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The rules of a language are based on what its speakers actually say. That you can find a handful of examples is more or less meaningless in face of the millions of examples where the verb is pushed open or pulled open or yanked open or kicked open or flung open or burst open or threw open.

You twist open a jar or something with a screw-cap.

P.S. It isn't a matter of logic but of the behavior of speakers.

  • 3
    I think in at least some of the 100 or so instances OP found on the Internet, the writer is clumsily conflating twisting the door handle with swinging the door open (that's 73,000 instances). – FumbleFingers Dec 17 '18 at 16:09
  • I would argue that you could logically explain the difference. The words rely on the "anchor point" of the motion. Twisting implies that the center of the object does not move, especially if there is some counter-motion as well. A standard door literally hinges on a hinge, and therefore does not twist. – andyjv Dec 19 '18 at 14:35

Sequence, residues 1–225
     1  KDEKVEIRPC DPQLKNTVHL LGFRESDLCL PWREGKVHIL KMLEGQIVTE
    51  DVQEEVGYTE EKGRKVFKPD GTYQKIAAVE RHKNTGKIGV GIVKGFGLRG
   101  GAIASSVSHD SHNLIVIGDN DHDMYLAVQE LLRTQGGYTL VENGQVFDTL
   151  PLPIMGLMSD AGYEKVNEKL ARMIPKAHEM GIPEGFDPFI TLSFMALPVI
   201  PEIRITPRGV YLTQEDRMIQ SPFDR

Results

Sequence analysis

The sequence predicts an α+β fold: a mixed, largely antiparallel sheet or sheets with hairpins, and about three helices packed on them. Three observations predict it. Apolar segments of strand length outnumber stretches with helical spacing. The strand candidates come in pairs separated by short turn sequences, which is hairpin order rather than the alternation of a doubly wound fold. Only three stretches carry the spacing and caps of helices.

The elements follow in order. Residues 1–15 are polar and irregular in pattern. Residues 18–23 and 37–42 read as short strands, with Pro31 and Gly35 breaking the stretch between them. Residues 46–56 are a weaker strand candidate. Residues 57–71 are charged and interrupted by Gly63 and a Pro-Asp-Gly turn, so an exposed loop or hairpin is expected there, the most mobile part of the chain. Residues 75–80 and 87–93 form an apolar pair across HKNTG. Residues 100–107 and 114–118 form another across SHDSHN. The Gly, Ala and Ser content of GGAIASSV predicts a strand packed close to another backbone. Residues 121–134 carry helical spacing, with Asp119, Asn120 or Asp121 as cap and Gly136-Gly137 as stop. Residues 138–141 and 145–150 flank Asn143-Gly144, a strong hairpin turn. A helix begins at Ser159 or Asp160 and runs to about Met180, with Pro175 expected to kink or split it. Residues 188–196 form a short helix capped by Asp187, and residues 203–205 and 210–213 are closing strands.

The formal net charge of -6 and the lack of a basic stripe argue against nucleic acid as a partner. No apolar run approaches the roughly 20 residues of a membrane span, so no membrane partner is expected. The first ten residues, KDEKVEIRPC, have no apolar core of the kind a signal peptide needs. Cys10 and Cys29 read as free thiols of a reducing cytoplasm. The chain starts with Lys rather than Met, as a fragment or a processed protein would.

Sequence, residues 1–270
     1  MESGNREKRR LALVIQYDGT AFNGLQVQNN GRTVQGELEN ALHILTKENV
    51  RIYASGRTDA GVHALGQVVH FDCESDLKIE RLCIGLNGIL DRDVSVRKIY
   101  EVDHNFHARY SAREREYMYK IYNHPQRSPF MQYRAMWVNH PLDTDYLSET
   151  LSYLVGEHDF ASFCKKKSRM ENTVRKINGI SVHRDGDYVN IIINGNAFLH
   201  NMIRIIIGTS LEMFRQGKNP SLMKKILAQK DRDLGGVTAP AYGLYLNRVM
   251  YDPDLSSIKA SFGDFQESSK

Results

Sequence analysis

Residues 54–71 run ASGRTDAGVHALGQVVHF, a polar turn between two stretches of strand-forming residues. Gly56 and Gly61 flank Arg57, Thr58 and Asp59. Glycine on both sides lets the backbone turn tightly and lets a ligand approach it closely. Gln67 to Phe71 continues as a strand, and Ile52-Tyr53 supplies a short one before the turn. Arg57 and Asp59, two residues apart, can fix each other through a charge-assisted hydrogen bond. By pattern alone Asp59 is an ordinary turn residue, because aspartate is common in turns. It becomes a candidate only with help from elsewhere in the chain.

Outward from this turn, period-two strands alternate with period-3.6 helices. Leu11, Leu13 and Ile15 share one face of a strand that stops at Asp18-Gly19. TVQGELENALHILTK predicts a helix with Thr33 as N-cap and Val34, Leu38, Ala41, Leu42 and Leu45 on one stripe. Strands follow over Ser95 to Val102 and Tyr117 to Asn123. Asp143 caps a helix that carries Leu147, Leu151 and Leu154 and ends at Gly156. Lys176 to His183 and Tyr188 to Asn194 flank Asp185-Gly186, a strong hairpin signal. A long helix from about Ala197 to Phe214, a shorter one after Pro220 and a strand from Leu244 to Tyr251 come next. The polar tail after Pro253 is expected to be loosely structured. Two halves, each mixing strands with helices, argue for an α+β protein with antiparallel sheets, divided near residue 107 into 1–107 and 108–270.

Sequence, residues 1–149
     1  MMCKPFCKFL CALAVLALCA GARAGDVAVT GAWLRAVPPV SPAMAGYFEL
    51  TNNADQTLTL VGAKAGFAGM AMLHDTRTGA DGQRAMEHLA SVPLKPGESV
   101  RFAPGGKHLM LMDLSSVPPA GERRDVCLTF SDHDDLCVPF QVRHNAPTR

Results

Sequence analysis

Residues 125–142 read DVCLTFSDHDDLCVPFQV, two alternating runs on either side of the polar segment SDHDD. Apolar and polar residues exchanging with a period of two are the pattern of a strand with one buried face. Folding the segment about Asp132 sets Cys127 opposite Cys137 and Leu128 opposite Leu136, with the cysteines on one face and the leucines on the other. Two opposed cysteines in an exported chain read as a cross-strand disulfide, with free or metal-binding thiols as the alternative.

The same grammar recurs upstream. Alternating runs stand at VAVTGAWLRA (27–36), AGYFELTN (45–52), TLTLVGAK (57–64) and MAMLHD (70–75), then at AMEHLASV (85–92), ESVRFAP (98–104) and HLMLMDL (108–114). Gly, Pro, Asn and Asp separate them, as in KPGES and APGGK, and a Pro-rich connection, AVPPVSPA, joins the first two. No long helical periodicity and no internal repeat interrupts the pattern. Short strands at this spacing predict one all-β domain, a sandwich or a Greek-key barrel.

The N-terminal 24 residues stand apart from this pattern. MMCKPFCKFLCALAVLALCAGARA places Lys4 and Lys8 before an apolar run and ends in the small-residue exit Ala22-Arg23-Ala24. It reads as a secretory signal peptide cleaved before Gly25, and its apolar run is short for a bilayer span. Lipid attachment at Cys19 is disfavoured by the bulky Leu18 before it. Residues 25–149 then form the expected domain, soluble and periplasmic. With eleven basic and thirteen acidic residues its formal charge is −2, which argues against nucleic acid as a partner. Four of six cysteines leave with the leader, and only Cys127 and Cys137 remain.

• @andyjv: Can I "poke" a brick wall, or must the thing that is poked have some "give" to it, like an eye or the gap between a person's ribs? Can I poke open the door or poke the door open? Can I elbow the door open? Can I thigh the door open? Can I hip the door open? – Tᴚoɯɐuo Dec 19 '18 at 14:40
  • @Tᴚoɯɐuo yes, because those all pretty accurately describe the action taking place. You could smash, kick, slap, jab, and blow (those actually kind of describe the action, not the type of motion); but you could not roll, slide, or spin the door unless it was a kind of door that has those motions. – andyjv Dec 20 '18 at 13:17
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I would not use that combination. While technically not wrong it a very uncommon way to say this. To me "twisting a door" sounds like someone used magic to turn a door into rubber and twisted that like a rubberband.

I would any synonym of pushing or pulling, or words like slamming/kicking if you want to denote force.

  • 18
    If someone said they twisted open a door, I'd expect the door to be damaged afterwards, much as if they'd ripped it open. – Mark Dec 17 '18 at 21:31